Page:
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I finally took time to map my entire shitty network to understand exactly what the guy before me did, and i must admit i'm a little bit surprised even if i'm not a network expert...

Just take a look at That Diagram i made so you can have a better idea of the situation.

I'm planning to reconfigure my network like that.

Do i need to "inform" my router/firewall of the existence of the vlans or is it possible to configure vlans on switches so it totally transparent for my router ? Acting like basic interfaces connected to different physical switches.

Subsidiary questions are :

  • Is this network design ok in regards of best practices and SOP?
  • My VOIP server needs to be accessed trought internet without vpn(for mobile devices), i know it's unsafe, but how could i improve the security without losing this functionnality ?
  • Will linking 2 switches with more than 1 wire boost the available bandwith between them ?

I know my questions are dumb, but i'm totally clueless when it comes to theory...

Thank you in advance.

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    There's no such a thing as an "L1 switch". Switches work on layer 2, more sophisticated ones also on L3+. If it's an L1 device - ie. a hub - you should replace it by a switch. An unmanaged switch must never be connected in a loop/mesh - it'll cause a bridge loop and broadcast storm, bringing down the network. For redundant loops or link aggregation you require a managed switch and according configuration. – Zac67 Sep 4 '17 at 19:01
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    Why do you consider the wiring to be a constraint ? Having a single cable to each desk with an IP Phone and then a PC behind the phone has been SOP since the mid-2000s. You just put the phone in a voice VLAN and the PC in an office vlan and you're good to go. Also, you really shouldn't expose your VoIP server to the Internet directly, it's not a security device. That should be left to things like a Session Border Controller. – Jeremy Gibbons Sep 5 '17 at 7:06
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    @ThierryDalleau in most office situations, 100Mbps is more than enough. It may not be intellectually satisfying given that PC & switch support 1G, but that's life :-) Regarding VLANs, your switch must support the different vlans, and then you need your router (or L3 switch) or your firewall to route between them, depending on your security requirements. – Jeremy Gibbons Sep 5 '17 at 16:20
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    @ThierryDalleau Regarding the VoIP server, there are many solutions that act as a sort of reverse proxy so that external users can connect without exposing the VoIP server itself. For example, for a Cisco CUCM you could use Cisco Expressway for this. – Jeremy Gibbons Sep 5 '17 at 16:23
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    Ok Thank you very much @JeremyGibbons, i'm using a watchguard device, i'll dig into that. regarding the vlans i think all is becoming more clear to me now, thank u very much. – Thierry Dalleau Sep 5 '17 at 16:30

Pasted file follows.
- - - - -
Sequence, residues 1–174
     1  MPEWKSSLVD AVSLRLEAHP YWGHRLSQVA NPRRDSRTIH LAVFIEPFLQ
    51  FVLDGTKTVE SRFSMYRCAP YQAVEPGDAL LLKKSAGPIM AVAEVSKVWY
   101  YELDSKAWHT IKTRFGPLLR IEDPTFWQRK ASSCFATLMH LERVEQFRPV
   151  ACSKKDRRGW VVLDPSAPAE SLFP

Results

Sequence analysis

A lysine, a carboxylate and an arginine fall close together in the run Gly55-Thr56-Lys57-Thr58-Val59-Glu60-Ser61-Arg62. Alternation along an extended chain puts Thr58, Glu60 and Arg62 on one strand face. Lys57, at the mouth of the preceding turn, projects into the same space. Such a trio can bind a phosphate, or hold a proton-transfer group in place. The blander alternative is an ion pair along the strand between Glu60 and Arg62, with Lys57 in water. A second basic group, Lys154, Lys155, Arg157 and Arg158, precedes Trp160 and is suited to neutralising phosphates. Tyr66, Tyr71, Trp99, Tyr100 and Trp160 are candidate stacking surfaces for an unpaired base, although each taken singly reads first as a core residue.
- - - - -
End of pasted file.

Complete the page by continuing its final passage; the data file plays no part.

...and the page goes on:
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From a router perspective, what matters are interface. It doesn't change the router behavior if an interface is physical or virtual.

You can have either two cables between the router and the switch, each one in its own VLAN, or a single cable configured as a trunk that carry both VLAN

Both scenario will works, but they are not strictly equivalent.

  • In the first case, if you want to add a third network, you need to have an interface available on the router and on the switch and connect a new cable.

  • In the second case, the single cable is a single point of failure (it's not the only one in the network, but still it is one) and the bandwidth is shared across the 2 VLAN. But it's really easy to add new VLAN.

To get the best of the 2 approach you connect the 2 cables, aggregate them with LACP, set this bond as a trunk and configure QoS. You can further increase the redundancy and bandwidth by adding more link to the bond (most systems allow at least 4 links, 8 is also quite common).

This way you have improved bandwidth and fault tolerance.

Will linking 2 switches with more than 1 wire boost the available bandwidth between them?

Yes, as long as there's several flow. In a bond, a single flow will use only one physical link, and will be limited by the bandwidth of this specific link. But different flow can use different links, thus increasing the overall network bandwidth.
(depending of the algorithm used in the bond, a flow can be defined by source / destination MAC addresses and/or IP addresses and/or even TCP / UDP ports)

Regarding you VOIP server, that should really be a separate question, but you could use VPN on the mobile devices for example.

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    The pc behind a phone speed mentioned in the comments is all dependant on the phone. if it is an up to date phone the pc will get gb speeds. if it is an old phone that only supports 100mb the pc will only get 100mb being passed through. If it can pass gb speeds it may simplify things. – Kendrick Sep 5 '17 at 16:01
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    @Kendrick, nice to know ! now i need to negotiate with my direction a gigabit poe switch + recent ip phones ! ! :D – Thierry Dalleau Sep 5 '17 at 16:27

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